Wednesday, March 23, 2016

Observations of Responses to Various Novelties Presented to A Growing Child

Response to Visual Novelty 

Explanation of Purpose: 

This blog documents the responses of a child, Christine, to various novelty stimuli. This is an informal observational narrative. The writer has a background as a teacher, holds a M.Ed., and is a mother of five children. The child shows some developmental abilities that the writer hopes to document over time to form a basis and understanding of the child's abilities, and perhaps at some point, an explanation for the oddities of the child’s variations from high or advanced ability to delayed or disabled presentations of the same skills.

Background of this Observation:

On March 22, 2016, Christine, age six months, was presented with a never before seen book; Flying High by Sue Whiting. The book is three dimensional, with six differently colored plastic jet airplanes, each approximately two inches in length. All jets appeared on the cover of the book, and then, as the book is opened, holes appear to reveal cut out spaces for the airplanes. As each page is turned, one jet 'disappears'. 

Christine has seen airplane models before. Her father builds them and has hung some in her room, and she has seen models during a tour of the Pentagon in Washington, D.C., but she has not seen them presented in color in a book previously. She has been presented with other books before, but not ones with airplanes.

The book was presented directly in front of her while she was in a seated position. Once it was presented, her heart rate increased, and she reached for the book with both hands, with the left hand in a slightly raised position compared to the right hand. The cover of the book was opened to reveal six cut holes on the left side where the airplanes had been seen through from the cover side. The right side contained the six airplanes. With her left hand, she reached for the cut out holes first, rather than the airplanes. Approximately two seconds later, she reached for the airplanes on the right with her right hand, and made an audible sound of excitement, now holding each page. 

As her mother verbally labeled the airplane colors, she continued to lift her hands up and back down on the pages in about the same location, repeatedly. At one point, she turned around and lifted her head to face her mother. As each page was turned for her, one airplane 'disappeared' with the previous page. When the fourth airplane 'disappeared', Christine grabbed the page with both hands to stop the motion of the page turning.

By the last page, her heart rate had dropped a bit, and her behavior changed from banging her hands on the pages simultaneously as described above, to grabbing the remaining purple airplane with her right hand and moving her fingers along its edges, her focus more fixed on the individual airplane.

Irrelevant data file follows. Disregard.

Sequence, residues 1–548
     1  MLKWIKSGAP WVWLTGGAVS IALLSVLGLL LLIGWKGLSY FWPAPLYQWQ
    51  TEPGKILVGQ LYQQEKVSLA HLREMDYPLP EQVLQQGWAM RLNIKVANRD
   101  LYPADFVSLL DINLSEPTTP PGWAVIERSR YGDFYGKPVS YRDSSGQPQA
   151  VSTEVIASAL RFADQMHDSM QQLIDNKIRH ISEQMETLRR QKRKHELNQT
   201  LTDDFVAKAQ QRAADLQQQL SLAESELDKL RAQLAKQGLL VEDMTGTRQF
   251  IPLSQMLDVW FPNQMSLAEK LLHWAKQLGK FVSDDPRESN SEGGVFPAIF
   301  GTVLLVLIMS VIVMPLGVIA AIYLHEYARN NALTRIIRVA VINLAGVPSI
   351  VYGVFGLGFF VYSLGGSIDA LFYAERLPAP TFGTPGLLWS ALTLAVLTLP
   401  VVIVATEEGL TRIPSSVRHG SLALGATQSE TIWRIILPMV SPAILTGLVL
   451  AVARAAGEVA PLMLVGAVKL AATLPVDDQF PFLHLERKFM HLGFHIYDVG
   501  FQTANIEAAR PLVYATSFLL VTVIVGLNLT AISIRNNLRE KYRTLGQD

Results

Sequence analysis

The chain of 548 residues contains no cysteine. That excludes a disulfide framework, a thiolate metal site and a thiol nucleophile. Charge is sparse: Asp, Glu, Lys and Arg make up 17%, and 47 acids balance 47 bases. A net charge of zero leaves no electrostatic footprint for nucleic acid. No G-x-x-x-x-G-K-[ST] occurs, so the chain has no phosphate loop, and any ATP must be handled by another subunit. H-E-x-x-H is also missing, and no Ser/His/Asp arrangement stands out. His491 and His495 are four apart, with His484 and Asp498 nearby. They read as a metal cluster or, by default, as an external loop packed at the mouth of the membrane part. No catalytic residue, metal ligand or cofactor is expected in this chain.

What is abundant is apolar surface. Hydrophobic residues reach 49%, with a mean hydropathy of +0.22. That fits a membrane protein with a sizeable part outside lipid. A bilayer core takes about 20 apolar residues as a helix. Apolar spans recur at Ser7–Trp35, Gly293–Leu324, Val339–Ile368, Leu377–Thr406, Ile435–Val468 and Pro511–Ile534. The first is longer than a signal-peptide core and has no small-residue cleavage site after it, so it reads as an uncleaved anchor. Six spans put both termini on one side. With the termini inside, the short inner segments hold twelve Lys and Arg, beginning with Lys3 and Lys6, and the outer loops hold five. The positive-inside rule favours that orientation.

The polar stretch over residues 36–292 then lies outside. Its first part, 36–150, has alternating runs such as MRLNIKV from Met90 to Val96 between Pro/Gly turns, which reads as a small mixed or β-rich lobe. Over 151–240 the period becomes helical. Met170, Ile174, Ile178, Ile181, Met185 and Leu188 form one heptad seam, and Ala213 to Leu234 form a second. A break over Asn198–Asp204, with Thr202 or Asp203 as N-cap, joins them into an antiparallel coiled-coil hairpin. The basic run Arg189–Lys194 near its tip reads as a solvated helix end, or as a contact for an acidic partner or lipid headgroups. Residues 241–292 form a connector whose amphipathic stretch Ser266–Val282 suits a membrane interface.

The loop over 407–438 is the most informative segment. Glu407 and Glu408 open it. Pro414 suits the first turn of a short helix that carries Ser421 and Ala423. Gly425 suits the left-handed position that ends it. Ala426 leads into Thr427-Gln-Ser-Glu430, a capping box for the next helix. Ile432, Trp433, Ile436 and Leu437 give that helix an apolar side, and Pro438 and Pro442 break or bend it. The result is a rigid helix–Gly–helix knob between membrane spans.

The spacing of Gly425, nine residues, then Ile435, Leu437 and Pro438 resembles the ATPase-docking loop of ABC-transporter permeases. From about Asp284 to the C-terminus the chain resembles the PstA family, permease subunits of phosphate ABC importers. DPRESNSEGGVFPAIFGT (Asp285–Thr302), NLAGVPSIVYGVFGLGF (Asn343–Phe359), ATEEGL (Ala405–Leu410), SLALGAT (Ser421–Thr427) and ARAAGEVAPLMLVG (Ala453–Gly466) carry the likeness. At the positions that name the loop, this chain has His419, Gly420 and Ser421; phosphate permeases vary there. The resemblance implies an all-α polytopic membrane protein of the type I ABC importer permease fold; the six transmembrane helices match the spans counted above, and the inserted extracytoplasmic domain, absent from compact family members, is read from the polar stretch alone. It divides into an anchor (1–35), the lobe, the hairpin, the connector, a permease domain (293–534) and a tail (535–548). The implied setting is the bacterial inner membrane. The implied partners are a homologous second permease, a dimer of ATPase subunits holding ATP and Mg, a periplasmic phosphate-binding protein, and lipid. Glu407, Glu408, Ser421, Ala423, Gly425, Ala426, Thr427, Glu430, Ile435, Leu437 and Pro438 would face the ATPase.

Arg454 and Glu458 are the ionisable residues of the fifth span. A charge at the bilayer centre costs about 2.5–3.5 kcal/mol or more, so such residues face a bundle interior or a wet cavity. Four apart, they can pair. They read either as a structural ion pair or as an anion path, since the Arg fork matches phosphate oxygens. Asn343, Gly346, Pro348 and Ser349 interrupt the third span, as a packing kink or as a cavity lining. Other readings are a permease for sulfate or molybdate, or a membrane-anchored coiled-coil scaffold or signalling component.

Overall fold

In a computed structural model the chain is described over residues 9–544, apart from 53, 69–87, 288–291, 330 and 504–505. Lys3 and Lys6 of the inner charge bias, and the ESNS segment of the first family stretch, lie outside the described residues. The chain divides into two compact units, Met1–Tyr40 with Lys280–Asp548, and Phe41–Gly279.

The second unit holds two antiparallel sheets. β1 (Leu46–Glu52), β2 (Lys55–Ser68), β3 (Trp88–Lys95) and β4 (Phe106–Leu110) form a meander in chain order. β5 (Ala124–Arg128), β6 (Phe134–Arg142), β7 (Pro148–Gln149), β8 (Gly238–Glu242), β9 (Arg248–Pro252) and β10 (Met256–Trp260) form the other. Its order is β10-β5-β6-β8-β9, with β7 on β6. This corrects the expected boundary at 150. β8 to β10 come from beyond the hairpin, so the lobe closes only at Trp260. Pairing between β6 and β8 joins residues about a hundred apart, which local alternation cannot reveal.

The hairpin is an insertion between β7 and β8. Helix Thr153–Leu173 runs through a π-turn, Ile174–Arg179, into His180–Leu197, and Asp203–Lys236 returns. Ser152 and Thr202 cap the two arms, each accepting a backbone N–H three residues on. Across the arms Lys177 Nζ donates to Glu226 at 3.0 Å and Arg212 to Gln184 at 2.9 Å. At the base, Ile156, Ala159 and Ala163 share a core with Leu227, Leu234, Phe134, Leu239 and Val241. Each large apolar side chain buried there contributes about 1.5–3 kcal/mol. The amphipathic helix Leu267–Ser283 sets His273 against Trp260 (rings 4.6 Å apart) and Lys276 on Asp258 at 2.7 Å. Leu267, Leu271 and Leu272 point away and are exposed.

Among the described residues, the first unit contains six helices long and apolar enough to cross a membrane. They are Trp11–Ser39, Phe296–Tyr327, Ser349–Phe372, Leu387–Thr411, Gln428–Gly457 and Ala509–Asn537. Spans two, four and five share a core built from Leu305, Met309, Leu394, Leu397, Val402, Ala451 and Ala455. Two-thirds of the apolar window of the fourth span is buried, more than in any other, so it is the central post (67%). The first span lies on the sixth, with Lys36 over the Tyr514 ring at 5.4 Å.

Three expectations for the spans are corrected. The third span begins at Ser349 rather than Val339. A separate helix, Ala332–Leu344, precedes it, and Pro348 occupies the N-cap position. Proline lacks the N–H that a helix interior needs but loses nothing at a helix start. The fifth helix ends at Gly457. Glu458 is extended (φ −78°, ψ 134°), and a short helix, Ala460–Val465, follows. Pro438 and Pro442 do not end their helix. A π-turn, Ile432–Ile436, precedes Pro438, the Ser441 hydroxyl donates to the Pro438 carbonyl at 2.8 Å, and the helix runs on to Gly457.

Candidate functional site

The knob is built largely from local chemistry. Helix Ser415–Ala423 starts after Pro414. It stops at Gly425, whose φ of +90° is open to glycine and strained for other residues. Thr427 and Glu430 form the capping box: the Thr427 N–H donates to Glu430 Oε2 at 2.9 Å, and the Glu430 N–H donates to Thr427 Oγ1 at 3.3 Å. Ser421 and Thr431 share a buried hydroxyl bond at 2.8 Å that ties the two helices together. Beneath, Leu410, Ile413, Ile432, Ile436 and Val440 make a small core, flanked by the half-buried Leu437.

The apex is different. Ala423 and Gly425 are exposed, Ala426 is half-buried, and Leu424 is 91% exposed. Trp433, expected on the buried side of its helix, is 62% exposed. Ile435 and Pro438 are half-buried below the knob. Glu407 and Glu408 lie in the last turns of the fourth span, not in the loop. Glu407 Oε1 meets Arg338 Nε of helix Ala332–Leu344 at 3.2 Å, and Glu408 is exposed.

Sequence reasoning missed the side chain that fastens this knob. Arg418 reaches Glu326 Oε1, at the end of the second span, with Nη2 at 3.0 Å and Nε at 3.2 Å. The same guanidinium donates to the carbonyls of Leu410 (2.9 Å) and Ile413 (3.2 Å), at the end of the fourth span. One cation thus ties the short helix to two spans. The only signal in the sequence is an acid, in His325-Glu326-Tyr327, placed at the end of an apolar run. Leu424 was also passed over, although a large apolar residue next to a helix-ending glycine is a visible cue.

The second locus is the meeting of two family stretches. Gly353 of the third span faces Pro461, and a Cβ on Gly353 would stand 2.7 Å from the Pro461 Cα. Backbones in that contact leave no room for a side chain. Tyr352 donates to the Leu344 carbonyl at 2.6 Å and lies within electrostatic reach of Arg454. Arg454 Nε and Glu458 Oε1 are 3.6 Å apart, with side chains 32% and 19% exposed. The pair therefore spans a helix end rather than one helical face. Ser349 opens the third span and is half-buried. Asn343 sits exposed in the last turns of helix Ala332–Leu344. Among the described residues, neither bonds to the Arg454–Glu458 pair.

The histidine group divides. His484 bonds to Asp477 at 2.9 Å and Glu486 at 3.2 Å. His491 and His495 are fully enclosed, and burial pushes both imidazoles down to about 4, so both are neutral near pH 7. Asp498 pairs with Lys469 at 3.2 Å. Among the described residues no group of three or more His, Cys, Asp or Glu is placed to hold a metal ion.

It should be noted that each page provides a similar background of various shades of blue and colored con trails. On one page, a cartoon crowd appeared, and Christine noticed and looked at the crowd.

Normally, she is more verbally expressive, but she was notably not this time.

Conclusion and Speculation:

Christine receives occupational therapy to work on a variety of goals, but she shows considerable ability and coordination. Christine shows some bilateral control of the shoulder grapple muscles, brief eye contact with the reader by turning her head momentarily, and excitability at a novel book. Her sight is sufficient for her to immediately detect differences in book pages and cut out, demonstrated by her quickly grabbing the cut out when the cover was turned. She responded to the action of the pages turning by grabbing a page as it was turned, showing planning, and a purpose of action and thought. She made only one sound of excitement at the beginning of the book, but made no attempts to repeat or mimic the words read to her or the colors identified for her by the reader. She altered her behavior by the end of the book to a more focused fine motor activity of grabbing the individual plane, closing her fingers around it, and then moving her fingers along its edges, shows more control than her initial action of banging the earlier pages as a whole with an open hand. 

From my studies as a professional educator and mother, I think her behaviors show fairly typical development, with some indications of high intelligence and coordination, which I can address in later blogs. I might write about some of her perhaps atypical presentations in future blogs,

If others with a background in infant and childhood development which to respond, please do so appropriately.

The book can be seen here on Amazon: